Friday, 2 May 2014

Our Sangihe and Talaud project takes off

Posted by Stuart Marsden and Hanom Bashari

First, I’m delighted to say that the Rainforest Trust and Loro Parque Fundacion have agreed to fund our project on Sangihe and Talaud. The project will be undertaken in partnership with Burung, the Indonesian BirdLife partner. The bulk of the work will be done by Rob Martin (currently at BirdLife in Cambridge), who will start an MPhil/PhD here at MMU in July, under the supervision of Stu, Elias Symeonakis (MMU), and Nigel Collar of BirdLife. Working alongside Rob will be Hanom Bashari of Burung. 

Above - The Sangihe endemic and Endangered Elegant Sunbird Aethopyga duyvenbodei (Photo: Hanom Bashari). Below - Nutmeg, which along with Cloves are a major source of income for the people of Sangihe and a major impact on the forest (Photo: Stu)

Stu has recently returned from a trip to Sangihe and Talaud, where I was accompanied and looked after by Hanom. We first spent some time at Burung’s headquarters in Bogor discussing the project with Agus Budi Utomo, Burung’s chief and Ria Saryanthi. I had the opportunity to give a presentation to Burung staff and local graduates about our work at MMU, and particularly our research on tropical frugivores inside and outside of protected areas.

Above - Another Sangihe endemic, the Sangihe Kingfisher (Photo: Hanom Bashari). Below - Forest gardens on Sangihe. It could be that with a bit of tweaking, some of these habitats might be important for some of the endemics (Photo: Stu)

It seemed to take an age to get to the forest on Sangihe. The terrain is incredibly steep – that is partly why forest remains there when it has given way to clove, nutmeg and coconut plantations elsewhere on the island. We started searching for the Cerulean Paradise Flycatcher at Mount Awu – in forest which was heavily degraded. We didn’t find the bird but there were 1-2 valleys which contained habitat that might be ‘nearly good enough’ for the species. In fact, this seems to be a possible theme for our research….how can small changes to the way people use the forest yield significant increases in an area’s suitability for birds? It may be that creating buffers of lesser-used habitat around streams might be a potential way forward.

Above - Cerulean Paradise-flycatcher Eutrichomyias rowleyi and Below Sangihe Shrike-thrush Colluricincla sanghirensis both Critically Endangered (Photos: Hanom Bashari)

Our main recce was at Sahendaruman, where we did see the flycatcher in incredibly steep valleys. There aren’t many birds in these forests – particularly, a lack of monarchs, fantails, white-eyes etc means that mixed species flocks do not seem to develop. A clamber up the steep valley sides took us to the ridge tops – where the interesting-looking Sangihe Shrike-thrush was seen, but no Bulbul and definitely no white-eye.

Ridge forest on Sangihe (Photo: Stu)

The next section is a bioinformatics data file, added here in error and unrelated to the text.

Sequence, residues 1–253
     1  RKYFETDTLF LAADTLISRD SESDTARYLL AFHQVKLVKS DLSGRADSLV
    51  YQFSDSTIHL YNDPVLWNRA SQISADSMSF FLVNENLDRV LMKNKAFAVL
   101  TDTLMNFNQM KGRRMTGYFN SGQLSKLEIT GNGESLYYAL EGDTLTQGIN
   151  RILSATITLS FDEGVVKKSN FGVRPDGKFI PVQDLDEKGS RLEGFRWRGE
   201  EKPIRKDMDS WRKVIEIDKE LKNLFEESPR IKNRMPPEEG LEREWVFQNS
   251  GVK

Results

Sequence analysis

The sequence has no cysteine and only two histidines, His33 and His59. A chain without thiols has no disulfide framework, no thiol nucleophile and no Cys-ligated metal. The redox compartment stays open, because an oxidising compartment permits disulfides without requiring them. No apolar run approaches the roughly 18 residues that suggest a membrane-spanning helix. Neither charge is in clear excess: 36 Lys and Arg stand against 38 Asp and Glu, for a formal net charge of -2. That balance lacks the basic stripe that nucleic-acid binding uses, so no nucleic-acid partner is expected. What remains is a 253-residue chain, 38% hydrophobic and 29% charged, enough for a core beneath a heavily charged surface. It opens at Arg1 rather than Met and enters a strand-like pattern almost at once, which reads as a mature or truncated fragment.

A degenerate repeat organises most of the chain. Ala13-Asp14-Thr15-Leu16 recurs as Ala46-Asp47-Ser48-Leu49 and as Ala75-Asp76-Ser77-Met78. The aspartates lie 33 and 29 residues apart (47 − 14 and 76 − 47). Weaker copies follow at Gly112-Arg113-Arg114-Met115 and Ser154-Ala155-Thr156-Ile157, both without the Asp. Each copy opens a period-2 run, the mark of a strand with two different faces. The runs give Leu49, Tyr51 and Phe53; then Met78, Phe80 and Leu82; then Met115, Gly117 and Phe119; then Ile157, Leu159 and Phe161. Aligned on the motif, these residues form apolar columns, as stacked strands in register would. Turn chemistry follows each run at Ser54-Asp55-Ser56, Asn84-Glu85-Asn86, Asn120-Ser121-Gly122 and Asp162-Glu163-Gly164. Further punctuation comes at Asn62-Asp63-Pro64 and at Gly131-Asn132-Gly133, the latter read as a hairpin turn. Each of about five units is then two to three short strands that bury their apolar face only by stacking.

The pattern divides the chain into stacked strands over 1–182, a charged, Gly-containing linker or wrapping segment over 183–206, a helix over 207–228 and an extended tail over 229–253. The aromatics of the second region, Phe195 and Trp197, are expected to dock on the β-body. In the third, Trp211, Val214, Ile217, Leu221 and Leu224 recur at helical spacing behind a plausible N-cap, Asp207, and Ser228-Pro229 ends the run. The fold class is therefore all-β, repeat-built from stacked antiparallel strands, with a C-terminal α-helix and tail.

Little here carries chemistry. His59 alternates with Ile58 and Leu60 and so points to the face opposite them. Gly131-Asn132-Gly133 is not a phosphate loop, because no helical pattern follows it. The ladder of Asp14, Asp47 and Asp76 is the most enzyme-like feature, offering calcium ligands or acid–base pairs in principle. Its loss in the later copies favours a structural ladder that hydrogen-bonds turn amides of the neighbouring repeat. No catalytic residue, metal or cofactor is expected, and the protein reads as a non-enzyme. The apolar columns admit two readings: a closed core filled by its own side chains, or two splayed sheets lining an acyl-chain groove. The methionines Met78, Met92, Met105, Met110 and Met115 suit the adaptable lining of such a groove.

Then on to Talaud. This is a very different island, relatively low-lying and ‘non-volcanic’. I has a nice almost  ‘Caribbean-like feel to it. We didn’t have time to get to the primary forests in the island’s interior, where there may be lots of birds and maybe new discoveries to be made, but the garden-type habitats and forest fragments we did visit were birdy. Talaud Rail, Talaud Kingfisher and the ‘new’ pitta were seen, although the only bushhens I saw were five Rufous-tailed Waterhen Amaurornis moluccana. Parrots, including the ‘Sampiri’ (Red-and-blue Lory Eos histrio) were reasonably common and we saw at least two of the Tanygnathus and the racquet-tail Prioniturus platurus.

The endemic and Near-threatened Talaud Kingfisher Todiramphus enigma (Photo: Hanom Bashari)

We visited a Sampiri roost and interestingly, we got the chance to talk to Pak Zaka, a very nice and very knowledgeable parrot trapper-turned-conservationist. My first question was “Are lories rarer now than they were 20 years ago? (when he worked with Jon Riley and Jim Wardill of ‘Action Sampiri’). His answer was quite surprising and incisive. “It is odd…that 20 years ago there were lots of parrot trappers, and year after year there were lot of lories. Now, at a time when there are few trappers, there are few lories. The reason? There are so many chainsaws….people cutting down the big trees that the lories need for nesting. The lories have gone into the big forest in the interior”. 

Red-and-blue Lories Eos histrio - Endangered (Photo: Hanom Bashari)

Finally, I got to visit WCS’s Maleo project in NE Sulawesi and even got to release two baby Maleos. A couple of days searching for Sulawesi endemics at Mount Mahawu and Dumoga Bone NP yielded Scaly-breasted Kingfisher, Rufous-throated Flycatcher, Maroon-chinned fruit dove, some nice owls, Blue-eyed Rail, and several other Wallacean treats.

The Sangihe Hanging-parrot Loriculus catamene is Near-threatened (Photo: Hanom Bashari)

A big thanks to all those kind folk we met along the way. 

Our project on Sangihe and Talaud is sponsored by


  1. Great to see this taking shape! All part to the team!

  2. Talaud Rail is a great score, didn't know that these were being seen much.